We based our analysis on a simple model where the volume changes across the cell cycle, and where only the mechanisms of protein production (transcription and translation) are represented. The variability predicted by this model is usually assimilated to the “intrinsic noise” (i.e. directly due to the protein production mechanism itself). We then add the random segregation of compounds at division to see its effect on protein variability: at division, every mRNA and every protein has an equal chance to go to either of the two daughter cells. It appears that this division sampling of compounds can add a significant variability to protein concentration. This effect directly depends on the relative variance (Fano factor) of the protein concentration: this effect is stronger as the relative variance is low. The dependence on the relative variance can be explained by considering a simplified model. With parameters deduced from real experimental measures, we estimate that the random segregation of compounds can double the variability of the genes with the lowest relative variance.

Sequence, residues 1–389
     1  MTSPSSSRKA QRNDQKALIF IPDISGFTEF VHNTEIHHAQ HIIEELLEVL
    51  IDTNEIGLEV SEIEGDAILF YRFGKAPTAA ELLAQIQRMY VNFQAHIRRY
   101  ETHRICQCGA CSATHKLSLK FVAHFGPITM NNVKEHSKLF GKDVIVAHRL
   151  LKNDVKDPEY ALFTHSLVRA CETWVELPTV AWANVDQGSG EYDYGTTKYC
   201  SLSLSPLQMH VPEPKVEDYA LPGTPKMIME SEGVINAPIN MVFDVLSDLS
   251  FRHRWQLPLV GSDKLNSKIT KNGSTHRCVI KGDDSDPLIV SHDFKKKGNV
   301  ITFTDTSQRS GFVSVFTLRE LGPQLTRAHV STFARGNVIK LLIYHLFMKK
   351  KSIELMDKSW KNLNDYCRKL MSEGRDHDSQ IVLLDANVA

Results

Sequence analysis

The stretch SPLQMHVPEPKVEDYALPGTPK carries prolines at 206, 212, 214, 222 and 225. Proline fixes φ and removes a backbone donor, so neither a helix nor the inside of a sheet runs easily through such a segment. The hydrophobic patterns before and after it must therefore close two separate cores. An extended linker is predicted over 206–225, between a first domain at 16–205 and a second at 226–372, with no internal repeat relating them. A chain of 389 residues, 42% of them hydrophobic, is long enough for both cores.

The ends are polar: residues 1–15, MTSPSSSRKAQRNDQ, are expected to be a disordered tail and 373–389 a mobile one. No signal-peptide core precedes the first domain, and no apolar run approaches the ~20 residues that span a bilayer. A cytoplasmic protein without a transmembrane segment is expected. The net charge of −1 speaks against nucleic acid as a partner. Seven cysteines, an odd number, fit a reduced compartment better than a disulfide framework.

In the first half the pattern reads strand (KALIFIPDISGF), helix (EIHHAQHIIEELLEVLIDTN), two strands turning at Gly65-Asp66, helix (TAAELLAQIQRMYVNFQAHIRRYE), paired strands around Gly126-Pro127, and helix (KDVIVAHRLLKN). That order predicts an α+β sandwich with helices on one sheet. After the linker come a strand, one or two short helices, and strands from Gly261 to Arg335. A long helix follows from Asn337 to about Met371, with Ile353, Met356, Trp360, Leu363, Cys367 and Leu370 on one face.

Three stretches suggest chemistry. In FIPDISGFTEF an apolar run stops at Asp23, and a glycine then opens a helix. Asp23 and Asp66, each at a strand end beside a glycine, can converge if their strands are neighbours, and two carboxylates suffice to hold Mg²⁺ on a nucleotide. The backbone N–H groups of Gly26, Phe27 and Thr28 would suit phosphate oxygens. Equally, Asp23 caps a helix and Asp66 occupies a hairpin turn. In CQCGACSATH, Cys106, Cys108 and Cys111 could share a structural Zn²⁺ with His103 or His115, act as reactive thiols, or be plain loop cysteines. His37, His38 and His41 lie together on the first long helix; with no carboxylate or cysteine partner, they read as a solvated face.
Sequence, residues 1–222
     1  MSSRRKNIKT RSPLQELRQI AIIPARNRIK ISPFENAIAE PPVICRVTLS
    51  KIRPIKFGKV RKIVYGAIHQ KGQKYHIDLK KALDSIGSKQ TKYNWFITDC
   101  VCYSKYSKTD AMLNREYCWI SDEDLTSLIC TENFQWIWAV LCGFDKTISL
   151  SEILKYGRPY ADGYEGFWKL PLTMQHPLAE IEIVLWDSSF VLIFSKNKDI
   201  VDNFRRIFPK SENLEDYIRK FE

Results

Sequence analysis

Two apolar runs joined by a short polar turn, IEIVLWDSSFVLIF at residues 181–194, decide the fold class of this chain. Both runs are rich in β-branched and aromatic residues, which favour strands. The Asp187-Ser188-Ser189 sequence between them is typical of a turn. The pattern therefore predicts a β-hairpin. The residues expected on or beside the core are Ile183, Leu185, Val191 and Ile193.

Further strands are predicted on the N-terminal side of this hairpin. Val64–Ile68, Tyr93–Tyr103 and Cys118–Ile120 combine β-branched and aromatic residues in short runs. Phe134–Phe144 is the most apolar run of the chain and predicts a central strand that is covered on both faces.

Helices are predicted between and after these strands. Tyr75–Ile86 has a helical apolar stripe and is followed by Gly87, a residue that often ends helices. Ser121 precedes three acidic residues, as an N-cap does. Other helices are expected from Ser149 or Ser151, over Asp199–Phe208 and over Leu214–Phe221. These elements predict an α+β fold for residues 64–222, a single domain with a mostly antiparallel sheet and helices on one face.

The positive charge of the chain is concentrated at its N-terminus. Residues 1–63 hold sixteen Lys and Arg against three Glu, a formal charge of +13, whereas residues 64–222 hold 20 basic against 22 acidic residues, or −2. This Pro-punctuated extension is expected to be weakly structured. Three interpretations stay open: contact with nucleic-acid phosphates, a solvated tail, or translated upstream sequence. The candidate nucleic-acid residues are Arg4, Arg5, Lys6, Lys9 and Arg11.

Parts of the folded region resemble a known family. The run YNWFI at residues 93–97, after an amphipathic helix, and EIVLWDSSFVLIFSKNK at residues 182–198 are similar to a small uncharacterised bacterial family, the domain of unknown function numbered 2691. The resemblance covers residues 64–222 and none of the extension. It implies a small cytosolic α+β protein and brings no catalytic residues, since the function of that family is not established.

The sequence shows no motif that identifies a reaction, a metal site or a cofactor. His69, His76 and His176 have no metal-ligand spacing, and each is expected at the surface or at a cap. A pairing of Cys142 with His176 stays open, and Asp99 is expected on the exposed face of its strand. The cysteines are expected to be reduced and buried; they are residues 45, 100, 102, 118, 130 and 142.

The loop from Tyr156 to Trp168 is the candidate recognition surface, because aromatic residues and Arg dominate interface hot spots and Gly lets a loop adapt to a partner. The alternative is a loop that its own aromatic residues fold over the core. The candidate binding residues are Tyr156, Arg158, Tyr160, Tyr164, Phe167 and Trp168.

Finally, we integrate the gene replication to the model: at some point in the cell cycle, the gene is replicated, hence doubling the transcription rate. We are able to give analytical expressions for the mean and the variance of protein concentration at any moment of the cell cycle; it allows to directly compare the variance with the previous model with division. We show that gene replication has little impact on the protein variability: an environmental state decomposition shows that the part of the variance due to gene replication represents only at most 2% of the total variability predicted by the model.

In the end, these results are compared to the real experimental measure of protein variability. It appears that the models with cell cycle presented above tend to underestimate the protein variability especially for highly expressed proteins.

Multi-protein Model